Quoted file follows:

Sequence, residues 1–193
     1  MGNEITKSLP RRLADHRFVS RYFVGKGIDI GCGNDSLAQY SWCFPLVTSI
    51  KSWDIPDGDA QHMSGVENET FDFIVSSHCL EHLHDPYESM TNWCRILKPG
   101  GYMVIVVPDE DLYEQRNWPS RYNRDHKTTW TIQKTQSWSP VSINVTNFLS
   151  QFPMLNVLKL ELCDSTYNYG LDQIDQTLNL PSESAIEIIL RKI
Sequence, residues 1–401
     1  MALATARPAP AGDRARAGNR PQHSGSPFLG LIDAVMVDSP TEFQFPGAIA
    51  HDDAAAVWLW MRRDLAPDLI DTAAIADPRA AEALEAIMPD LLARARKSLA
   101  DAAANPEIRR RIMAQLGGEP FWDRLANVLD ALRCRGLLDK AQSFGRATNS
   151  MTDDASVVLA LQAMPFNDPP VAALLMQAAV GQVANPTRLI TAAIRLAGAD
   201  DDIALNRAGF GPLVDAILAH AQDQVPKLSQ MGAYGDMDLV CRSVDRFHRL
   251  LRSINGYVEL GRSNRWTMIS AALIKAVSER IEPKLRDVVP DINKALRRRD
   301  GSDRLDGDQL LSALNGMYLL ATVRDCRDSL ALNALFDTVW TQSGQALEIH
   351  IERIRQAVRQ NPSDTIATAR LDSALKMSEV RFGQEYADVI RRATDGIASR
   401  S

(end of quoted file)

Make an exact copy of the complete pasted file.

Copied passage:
Sequence, residues 1–193
     1  MGNEITKSLP RRLADHRFVS RYFVGKGIDI GCGNDSLAQY SWCFPLVTSI
    51  KSWDIPDGDA QHMSGVENET FDFIVSSHCL EHLHDPYESM TNWCRILKPG
   101  GYMVIVVPDE DLYEQRNWPS RYNRDHKTTW TIQKTQSWSP VSINVTNFLS
   151  QFPMLNVLKL ELCDSTYNYG LDQIDQTLNL PSESAIEIIL RKI
Sequence, residues 1–401
     1  MALATARPAP AGDRARAGNR PQHSGSPFLG LIDAVMVDSP TEFQFPGAIA
    51  HDDAAAVWLW MRRDLAPDLI DTAAIADPRA AEALEAIMPD LLARARKSLA
   101  DAAANPEIRR RIMAQLGGEP FWDRLANVLD ALRCRGLLDK AQSFGRATNS
   151  MTDDASVVLA LQAMPFNDPP VAALLMQAAV GQVANPTRLI TAAIRLAGAD
   201  DDIALNRAGF GPLVDAILAH AQDQVPKLSQ MGAYGDMDLV CRSVDRFHRL
   251  LRSINGYVEL GRSNRWTMIS AALIKAVSER IEPKLRDVVP DINKALRRRD
   301  GSDRLDGDQL LSALNGMYLL ATVRDCRDSL ALNALFDTVW TQSGQALEIH
   351  IERIRQAVRQ NPSDTIATAR LDSALKMSEV RFGQEYADVI RRATDGIASR
   401  S